In terms of the offshore pair, the odds and timing of the U.S. Federal Reserve raising rates, as well as expectations on U.S. President Trump’s tax cuts plan have been primary drivers to its trend and this likely continue to be the case. Fed Chair Yellen’s two-day testimony added mixed moves to Dollar pairs, including the USD/CNH. Next week, the U.S. economic calendar is dotted with housing and labor gauges, which are expected to add volatility to Dollar pairs.

On China’s side, event risks would be low amid a light calendar; the major focus will be on China’s Central Bank. The top policymaker has been reducing excessive Yuan liquidity since the Lunar New Year, targeting at bring monetary policy back to normal from slightly loose. However, this tweaked credit strategy did not bring much impact to the offshore Yuan over the past few weeks. Normally, a tighter policy would send the county’s currency higher. Let’s take a look first at why it did not work, as this may help us find out when it will.

The PBOC has been using open market operations as well as lending facilities to withdraw excessive cash from the financial market. Suspending and resuming liquidity injections through reverse repos and increasing target lending rates aim to delicately adjust liquidity to desirable levels. These moves are different from a hike in reserve requirement ratio which will have a long-lasting effect to the economy and in turn a greater impact to the Yuan.

More importantly, the offshore Yuan was already stronger than the guided level set by the PBOC. Since early January, the offshore Yuan has been both above the onshore Yuan and the Yuan fix (except during the Lunar New Year) until this week. This means that from the regulator point of view, the offshore Yuan might have been already overvalued.

However, as the spread between the offshore Yuan and the Yuan fix narrows, this could be changed. The PBOC has strengthened the Yuan fix for four consecutive days this past week. On Wednesday, the offshore Yuan dipped below the PBOC’s guided level, the first time in two weeks. As of 1:40pm EST, the reversed spread has expanded to 50 pips. Traders will want to keep a close eye on the PBOC’s guidance next week. If the policymaker continues to recognize levels of the offshore Yuan, the link between the onshore and offshore markets could strengthen again, and onshore policies may weigh more on the offshore pair.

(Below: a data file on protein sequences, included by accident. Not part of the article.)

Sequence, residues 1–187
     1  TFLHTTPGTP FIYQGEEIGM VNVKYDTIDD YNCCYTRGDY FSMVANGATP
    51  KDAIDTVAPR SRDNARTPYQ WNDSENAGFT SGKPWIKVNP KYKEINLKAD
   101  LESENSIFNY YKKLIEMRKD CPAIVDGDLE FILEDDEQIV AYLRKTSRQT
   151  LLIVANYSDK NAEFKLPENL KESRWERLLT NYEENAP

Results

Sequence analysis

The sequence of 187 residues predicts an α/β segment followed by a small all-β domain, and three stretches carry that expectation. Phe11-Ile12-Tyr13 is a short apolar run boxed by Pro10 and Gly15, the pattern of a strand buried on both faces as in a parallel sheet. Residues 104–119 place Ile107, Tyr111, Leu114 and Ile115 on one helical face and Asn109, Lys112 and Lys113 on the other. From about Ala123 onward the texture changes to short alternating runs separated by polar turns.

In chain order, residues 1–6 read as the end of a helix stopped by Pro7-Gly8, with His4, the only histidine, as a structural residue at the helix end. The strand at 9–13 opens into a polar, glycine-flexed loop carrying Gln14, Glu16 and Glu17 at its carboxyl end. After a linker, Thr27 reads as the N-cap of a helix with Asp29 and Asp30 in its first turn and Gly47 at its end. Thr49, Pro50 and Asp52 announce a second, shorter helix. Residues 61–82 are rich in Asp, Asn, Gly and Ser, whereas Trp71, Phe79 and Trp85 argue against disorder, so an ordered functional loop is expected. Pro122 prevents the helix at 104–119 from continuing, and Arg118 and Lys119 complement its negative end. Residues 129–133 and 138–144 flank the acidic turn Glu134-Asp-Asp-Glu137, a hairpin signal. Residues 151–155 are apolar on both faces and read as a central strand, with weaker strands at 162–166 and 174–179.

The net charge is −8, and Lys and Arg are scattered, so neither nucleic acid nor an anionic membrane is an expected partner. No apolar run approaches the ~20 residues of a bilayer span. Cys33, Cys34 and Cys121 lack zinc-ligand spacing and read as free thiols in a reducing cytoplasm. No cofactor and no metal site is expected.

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DAX Short-term Trading Outlook

What’s inside:

DAX stalls, looks headed lower near-term on break of support Decline still healthy unless we see aggressive downside price action, bias will change then Technical levels outlined

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The title of Wednesday’s post was, “DAX Gearing Up for New Highs”. Not so fast. The market since that morning has been ‘soft-ish’, but nothing to get overly concerned with just yet. The short-term chart (hourly) suggests more downside could come if the market can’t soon bounce, but there is trend-line support not far below on the daily should sellers arrive.

A head-and-shoulder-ish pattern, or possibly a descending wedge could come into play real soon. The H&S formation has a weak right shoulder; the symmetry isn’t the best but still qualifies in our book as a valid formation. A clean break below 11725 exposes the downside regardless of what you want to call the configuration – H&S, wedge, or any other name you want to give it. We will look to the trend-line rising up from December and gap-fill from 2/13 at 11665 as the next levels of support on a break. However, if support holds and we see a pop higher, then bearish bets are off and we’ll have to start looking upward.

An aggressive break lower and undercut of the trend-line extending back to early December would be of concern for wagers from the long-side looking out beyond the very short-term. For now, though, global risk appetite continues to remain buoyed, and until we see aggressive price action lower we will run with the notion of weakness being nothing more than a healthy pullback for what could later be the DAX gearing up for new highs.

DAX: Hourly

DAX Short-term Trading Outlook

Created with TradingView

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—Written by Paul Robinson, Market Analyst

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Dollar Seeking Direction as U.S. Equities Continue to Fly

Talking Points:

– Fed Chair Janet Yellen’s two-day Humphrey-Hawkins testimony evoked some interesting volatility this week; first with a very strong Dollar after day one, followed by a very weak Dollar and very strong gains in stock prices after day two.

– Next week’s economic calendar is relatively light, and this can be a great time to gauge market sentiment around current themes and trends.

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As we move towards the close of a week that’s seen quite a few drivers come into markets, it’s time for traders to start trying to look around-the-corner to see which themes may be driving price action in the week ahead. Next week’s economic docket is relatively light. The highlight for macro themes will likely be the FOMC Meeting Minutes from the Fed’s February meeting to be released on Wednesday. Below, we dive into U.S. equities and the U.S. Dollar.